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"These people presume their conversations are bugged," says Bergen. "These are people who have all dealt with extremely intrusive Middle Eastern governments for years, governments spying on them and trying to assassinate them for years."

Secondly, there's the 707 myth. On Feb. 26, 1993, when Muslim terrorists attempted unsuccessfully to topple the World Trade Center for the first time, a bomb in a van exploded in the complex's underground parking garage, level B-2, smashing through five underground floors, killing six people and injuring more than 1,000 others. That December, a computer disk belonging to one of the bombing defendants, Nidal Ayyad, proclaimed about the February terrorism that, "Unfortunately, our calculations were not very accurate this time. However, we promise you that next time it will be very precise and WTC will continue to be one [sic] our targets in the U.S. unless our demands have been met."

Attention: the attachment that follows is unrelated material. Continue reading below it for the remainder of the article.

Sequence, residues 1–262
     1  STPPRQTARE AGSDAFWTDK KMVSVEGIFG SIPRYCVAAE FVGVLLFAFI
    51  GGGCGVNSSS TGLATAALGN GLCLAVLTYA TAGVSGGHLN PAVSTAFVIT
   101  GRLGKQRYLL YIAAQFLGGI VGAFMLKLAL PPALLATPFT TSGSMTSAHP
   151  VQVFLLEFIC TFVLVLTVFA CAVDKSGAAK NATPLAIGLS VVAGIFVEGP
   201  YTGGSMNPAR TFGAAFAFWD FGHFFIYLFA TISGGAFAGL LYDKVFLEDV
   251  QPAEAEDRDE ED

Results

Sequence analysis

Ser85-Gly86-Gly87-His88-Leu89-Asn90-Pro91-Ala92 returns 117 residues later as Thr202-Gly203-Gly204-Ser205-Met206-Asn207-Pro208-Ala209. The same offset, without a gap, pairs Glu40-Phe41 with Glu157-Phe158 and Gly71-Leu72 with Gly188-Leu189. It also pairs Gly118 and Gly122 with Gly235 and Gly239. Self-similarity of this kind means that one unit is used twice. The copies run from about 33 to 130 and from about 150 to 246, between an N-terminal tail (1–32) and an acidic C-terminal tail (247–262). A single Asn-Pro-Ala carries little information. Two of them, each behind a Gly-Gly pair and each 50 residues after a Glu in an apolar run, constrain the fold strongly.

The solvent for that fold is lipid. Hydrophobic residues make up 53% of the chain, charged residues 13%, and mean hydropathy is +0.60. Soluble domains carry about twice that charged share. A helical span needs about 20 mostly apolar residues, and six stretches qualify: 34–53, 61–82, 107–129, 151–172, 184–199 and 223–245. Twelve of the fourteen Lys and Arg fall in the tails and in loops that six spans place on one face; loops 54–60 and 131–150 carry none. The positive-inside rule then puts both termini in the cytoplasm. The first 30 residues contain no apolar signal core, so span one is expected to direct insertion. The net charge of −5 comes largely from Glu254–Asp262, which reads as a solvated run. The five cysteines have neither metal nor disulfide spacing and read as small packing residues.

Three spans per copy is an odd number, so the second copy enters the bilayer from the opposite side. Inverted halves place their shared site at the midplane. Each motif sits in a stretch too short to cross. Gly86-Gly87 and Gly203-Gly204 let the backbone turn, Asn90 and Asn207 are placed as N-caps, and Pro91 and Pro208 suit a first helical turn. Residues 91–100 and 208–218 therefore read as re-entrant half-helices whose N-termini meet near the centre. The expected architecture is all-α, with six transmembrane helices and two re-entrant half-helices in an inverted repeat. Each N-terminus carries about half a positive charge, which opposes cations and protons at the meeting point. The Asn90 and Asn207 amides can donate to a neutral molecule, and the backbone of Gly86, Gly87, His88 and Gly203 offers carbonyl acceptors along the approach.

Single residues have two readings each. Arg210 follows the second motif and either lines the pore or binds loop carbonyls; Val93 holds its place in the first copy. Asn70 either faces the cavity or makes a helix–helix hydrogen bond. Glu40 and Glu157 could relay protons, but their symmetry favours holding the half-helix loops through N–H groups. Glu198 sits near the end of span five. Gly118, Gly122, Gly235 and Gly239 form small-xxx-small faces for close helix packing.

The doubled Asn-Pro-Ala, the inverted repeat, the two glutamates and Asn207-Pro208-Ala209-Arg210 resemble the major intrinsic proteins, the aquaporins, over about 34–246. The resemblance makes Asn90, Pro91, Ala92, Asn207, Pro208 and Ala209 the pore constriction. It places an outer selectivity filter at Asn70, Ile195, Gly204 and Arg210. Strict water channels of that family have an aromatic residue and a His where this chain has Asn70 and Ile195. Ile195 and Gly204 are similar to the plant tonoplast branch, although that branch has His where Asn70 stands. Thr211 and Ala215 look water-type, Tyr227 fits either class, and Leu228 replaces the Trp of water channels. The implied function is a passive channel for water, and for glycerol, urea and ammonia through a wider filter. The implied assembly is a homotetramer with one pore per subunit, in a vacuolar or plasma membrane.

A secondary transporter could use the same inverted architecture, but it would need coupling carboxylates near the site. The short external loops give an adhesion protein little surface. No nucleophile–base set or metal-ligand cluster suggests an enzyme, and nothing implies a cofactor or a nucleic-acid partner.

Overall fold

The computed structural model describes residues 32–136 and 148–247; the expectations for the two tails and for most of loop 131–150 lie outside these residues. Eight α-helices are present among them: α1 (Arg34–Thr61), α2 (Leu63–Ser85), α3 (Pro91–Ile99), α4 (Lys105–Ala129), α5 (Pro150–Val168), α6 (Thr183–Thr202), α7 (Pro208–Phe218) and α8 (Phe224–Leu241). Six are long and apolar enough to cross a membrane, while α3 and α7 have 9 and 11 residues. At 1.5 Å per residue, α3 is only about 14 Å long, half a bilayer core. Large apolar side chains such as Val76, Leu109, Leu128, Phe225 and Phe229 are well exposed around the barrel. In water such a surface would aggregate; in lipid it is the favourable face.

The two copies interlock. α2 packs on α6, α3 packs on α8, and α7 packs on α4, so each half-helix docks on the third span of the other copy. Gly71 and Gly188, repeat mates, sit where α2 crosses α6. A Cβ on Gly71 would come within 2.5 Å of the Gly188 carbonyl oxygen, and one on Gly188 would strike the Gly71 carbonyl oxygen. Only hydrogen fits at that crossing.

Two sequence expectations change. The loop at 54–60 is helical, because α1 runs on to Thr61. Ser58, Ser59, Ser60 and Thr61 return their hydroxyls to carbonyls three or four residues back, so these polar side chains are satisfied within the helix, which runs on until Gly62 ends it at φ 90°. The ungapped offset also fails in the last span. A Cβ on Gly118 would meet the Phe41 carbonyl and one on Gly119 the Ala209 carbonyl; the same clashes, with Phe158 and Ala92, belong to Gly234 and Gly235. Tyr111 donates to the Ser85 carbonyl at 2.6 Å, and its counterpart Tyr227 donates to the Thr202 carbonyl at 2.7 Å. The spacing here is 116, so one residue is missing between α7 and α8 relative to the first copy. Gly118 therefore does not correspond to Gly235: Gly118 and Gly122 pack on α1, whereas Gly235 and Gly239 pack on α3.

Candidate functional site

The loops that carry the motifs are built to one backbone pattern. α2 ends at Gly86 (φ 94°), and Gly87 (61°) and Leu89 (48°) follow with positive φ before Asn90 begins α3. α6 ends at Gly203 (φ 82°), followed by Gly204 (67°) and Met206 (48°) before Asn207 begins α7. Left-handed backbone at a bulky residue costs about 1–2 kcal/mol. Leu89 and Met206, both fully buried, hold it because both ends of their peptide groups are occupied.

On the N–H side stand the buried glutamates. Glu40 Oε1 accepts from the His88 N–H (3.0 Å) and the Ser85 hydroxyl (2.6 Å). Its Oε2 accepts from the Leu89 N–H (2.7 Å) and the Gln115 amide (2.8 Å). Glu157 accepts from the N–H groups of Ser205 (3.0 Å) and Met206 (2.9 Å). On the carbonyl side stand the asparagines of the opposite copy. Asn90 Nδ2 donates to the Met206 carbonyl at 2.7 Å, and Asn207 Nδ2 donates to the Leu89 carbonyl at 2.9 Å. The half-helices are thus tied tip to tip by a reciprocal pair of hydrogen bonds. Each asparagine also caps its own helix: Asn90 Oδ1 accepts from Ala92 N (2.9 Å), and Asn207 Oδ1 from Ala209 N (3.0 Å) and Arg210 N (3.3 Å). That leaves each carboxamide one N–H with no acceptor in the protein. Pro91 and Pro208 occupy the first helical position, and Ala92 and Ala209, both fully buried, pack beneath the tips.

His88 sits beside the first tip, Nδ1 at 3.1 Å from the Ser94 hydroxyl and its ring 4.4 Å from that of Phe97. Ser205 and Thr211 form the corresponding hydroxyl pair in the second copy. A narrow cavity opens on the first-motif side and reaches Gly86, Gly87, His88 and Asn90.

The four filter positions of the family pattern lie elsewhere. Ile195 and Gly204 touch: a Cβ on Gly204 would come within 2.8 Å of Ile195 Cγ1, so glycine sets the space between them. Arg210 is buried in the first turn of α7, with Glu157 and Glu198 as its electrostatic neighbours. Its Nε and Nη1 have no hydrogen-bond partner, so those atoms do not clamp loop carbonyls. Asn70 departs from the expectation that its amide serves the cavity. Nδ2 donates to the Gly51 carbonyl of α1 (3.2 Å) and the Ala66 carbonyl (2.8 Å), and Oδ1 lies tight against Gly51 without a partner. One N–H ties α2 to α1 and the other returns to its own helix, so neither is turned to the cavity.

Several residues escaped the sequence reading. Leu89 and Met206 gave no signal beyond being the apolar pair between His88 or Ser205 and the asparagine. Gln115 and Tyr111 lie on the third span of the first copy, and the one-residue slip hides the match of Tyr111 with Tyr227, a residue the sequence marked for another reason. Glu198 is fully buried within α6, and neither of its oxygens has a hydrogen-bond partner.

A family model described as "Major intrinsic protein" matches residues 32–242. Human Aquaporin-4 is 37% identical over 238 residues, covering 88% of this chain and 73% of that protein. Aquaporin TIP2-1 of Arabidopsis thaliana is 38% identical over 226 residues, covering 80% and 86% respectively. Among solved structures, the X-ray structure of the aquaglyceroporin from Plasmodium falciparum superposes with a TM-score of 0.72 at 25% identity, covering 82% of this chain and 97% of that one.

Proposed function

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In February 1995, bombing suspect Yousef -- who had already been indicted in the 1993 attack -- was arrested in Pakistan and turned over to the FBI. During Yousef's trial, in August 1997, prosecutor Lev Dassin called his first witness: Charles Maikish, former director of the World Trade Department of the Port Authority of New York and New Jersey. Maikish testified that "the tower itself was designed to take a hit-miss span by a 707. In fact, that was the engineering of it, that it could take a hit by what was a major jet aircraft at the time it was designed in the '60s."